Improving At Risk Communities Part 1

Why High School Graduation is the Key to Improving At-Risk Communities: Part 1

September 08, 2014

This was originally published on The Edvocate and appears in full below.

By Frank Britt, CEO of Penn Foster

Education is the catalyst for bottom-up change and can become the epicenter of transformation for communities. With a high school diploma, at-risk youth can be armed with academic pedigree, are far more attractive professionals and have better social and civic skills. This milestone creates a catalyst for driving personal and communal change. Educate our youth, and our communities will flourish.

What Drives (and Improves) Economic and Productivity Growth in a Community?

States that invest in k-12 education help build a strong foundation for economic success and prosperity, according to the 2013 Economic Analysis and Research Network report, “A Well-Educated Workforce Is Key to State Prosperity.”

Education is the cornerstone to providing people from disadvantaged backgrounds with decent healthcare and sufficient nutrition, the report found. Education also equates to greater productivity. Economic Policy Institute analysis found that between 1979 and 2007, states with greater productivity also had increased median worker compensation, thus supporting the strong link between productivity and education. In other words, giving workers access to high-quality education strengthens the economic infrastructure of a state—the effect on local communities is no different.

High school diplomas are commonly the jumping-off point to such improvements, as is continuing education to cultivate a skilled and productive workforce. Education boosts productivity and redistributes the increased earnings into higher wages for workers.

What Drives (and Improves) Poverty and Income Inequality in a Community?

Income inequality and poverty-stricken households significantly influence the demise of a local community. And a low-income community driven by under-educated individuals actually perpetuates this chronic cycle of fiscal depression. This a primary reason that the U.S. economy is growing but the traditional “all boats will rise” prosperity phenomena has not happened is because millions of people exist outside the economic mainstream and lack the skills and opportunity to exploit this middle-skills labor gap moment.

Combating poverty with initiatives to lower high school dropout rates is an essential ingredient, according to John Bridgeland in his article “Fight Poverty: Lower High School Dropout Rates.” Without high school completion, young people experience higher unemployment rates and rates of receiving public assistance, going to prison, divorcing and becoming single parents—all catalysts for a life and community plagued by poverty. Poverty is cyclical, yet academic options specifically designed to meet the unique needs of these low-income individuals can break the treacherous cycle.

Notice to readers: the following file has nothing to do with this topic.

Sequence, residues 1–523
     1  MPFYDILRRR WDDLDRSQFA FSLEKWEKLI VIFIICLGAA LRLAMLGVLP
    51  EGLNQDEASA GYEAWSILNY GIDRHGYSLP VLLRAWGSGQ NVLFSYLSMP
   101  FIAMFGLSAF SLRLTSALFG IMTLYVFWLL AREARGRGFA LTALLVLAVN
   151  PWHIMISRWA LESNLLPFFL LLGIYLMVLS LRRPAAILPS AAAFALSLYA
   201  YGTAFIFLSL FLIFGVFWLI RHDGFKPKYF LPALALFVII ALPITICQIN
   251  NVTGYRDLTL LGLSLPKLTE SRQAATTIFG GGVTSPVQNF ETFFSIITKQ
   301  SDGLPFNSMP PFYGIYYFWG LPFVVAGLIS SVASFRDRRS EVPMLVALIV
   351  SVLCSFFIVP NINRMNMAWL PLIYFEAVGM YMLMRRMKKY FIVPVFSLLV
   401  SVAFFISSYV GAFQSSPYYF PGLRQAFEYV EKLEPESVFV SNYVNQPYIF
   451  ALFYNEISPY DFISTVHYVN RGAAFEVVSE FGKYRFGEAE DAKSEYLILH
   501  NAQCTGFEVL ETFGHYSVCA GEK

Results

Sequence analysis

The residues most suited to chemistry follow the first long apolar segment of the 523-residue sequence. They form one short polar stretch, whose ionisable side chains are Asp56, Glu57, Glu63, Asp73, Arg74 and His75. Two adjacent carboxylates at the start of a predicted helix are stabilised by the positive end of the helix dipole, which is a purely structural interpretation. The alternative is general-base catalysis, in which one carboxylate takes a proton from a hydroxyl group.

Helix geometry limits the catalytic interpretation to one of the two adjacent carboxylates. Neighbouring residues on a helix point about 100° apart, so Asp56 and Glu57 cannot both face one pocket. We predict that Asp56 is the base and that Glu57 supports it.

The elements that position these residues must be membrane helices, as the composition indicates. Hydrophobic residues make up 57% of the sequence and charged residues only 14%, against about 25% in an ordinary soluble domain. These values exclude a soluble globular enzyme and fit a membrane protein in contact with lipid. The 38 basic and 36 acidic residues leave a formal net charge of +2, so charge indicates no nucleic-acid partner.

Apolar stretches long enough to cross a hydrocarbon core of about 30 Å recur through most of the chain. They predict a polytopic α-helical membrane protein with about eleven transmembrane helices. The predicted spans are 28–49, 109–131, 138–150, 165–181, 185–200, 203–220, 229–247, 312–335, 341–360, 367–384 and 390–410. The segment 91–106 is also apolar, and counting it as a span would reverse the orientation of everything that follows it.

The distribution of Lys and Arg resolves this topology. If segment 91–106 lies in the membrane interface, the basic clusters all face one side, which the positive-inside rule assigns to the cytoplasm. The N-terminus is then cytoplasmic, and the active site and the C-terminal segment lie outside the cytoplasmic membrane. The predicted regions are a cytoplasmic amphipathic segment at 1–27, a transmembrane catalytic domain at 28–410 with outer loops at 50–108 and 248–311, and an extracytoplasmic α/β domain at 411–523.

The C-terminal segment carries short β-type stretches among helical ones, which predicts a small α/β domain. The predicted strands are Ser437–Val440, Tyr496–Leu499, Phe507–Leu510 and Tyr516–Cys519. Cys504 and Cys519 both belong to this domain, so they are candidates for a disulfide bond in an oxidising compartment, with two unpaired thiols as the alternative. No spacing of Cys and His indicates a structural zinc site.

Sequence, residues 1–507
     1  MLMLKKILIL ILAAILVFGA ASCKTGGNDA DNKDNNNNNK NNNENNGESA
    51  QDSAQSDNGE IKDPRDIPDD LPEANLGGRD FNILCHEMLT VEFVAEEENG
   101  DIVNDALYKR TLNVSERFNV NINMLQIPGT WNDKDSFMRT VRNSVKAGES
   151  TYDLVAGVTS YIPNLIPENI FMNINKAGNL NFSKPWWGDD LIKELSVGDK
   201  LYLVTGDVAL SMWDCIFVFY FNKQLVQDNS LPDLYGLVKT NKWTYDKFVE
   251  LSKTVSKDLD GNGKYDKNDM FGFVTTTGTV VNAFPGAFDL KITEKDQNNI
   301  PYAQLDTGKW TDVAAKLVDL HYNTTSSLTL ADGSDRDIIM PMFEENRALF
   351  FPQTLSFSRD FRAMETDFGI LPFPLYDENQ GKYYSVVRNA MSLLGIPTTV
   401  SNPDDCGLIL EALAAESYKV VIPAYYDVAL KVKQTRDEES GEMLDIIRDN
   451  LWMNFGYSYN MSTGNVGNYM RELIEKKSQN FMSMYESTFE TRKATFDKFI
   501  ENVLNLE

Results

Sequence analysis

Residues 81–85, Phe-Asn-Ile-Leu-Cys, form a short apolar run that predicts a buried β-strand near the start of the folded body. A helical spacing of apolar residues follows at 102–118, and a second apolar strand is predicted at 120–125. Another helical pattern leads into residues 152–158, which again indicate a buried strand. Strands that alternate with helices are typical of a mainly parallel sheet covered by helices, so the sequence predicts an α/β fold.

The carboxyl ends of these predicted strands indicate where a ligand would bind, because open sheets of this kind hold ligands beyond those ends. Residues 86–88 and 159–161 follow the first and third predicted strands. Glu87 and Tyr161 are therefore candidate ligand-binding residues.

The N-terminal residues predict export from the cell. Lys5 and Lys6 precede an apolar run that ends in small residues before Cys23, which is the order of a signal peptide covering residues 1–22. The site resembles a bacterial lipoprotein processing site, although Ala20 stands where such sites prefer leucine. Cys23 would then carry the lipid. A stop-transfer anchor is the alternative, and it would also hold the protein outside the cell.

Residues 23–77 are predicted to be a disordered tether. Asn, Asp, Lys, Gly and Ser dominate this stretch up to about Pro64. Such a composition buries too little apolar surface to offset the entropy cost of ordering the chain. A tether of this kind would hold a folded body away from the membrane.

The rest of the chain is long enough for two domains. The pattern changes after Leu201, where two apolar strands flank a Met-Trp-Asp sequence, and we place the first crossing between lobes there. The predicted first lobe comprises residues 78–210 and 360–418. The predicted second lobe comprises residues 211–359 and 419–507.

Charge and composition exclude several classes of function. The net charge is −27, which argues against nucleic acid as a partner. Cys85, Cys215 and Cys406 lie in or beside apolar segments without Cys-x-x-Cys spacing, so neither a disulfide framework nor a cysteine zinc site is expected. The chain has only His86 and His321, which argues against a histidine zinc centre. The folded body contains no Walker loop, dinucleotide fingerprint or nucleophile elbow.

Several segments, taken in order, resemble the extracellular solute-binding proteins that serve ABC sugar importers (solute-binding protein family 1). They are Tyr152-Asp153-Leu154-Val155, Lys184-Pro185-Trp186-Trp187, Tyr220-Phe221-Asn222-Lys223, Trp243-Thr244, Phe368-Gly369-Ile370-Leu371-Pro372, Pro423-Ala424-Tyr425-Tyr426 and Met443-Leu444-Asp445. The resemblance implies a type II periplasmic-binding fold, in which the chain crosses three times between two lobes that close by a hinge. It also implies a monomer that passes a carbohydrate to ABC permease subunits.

Dropout prevention and high school completion programs designed to meet the specific needs and challenges of the nontraditional student (such as blended learning models) can help raise high school graduation rates and make both secondary education or career opportunities more viable.

The Time Is Now

Poverty and income inequality are combustible forces that can destroy families, corrupt communities and harden society in countless ways. The good news is that the common vaccine to all these ailments is education, starting with a high school degree. More than 90 percent of jobs demand this credential to get a job, and the imperative for all stakeholders (students, parents, schools, businesses and government) is to build a cohesive plan of attack.

The high school diploma serves as the cornerstone to future citizens and our communities. If academic communities can collectively address educational crises by implementing both traditional and unconventional student solutions, we can foster higher economic returns, poverty mitigation, crime-free environments and enhanced civility.


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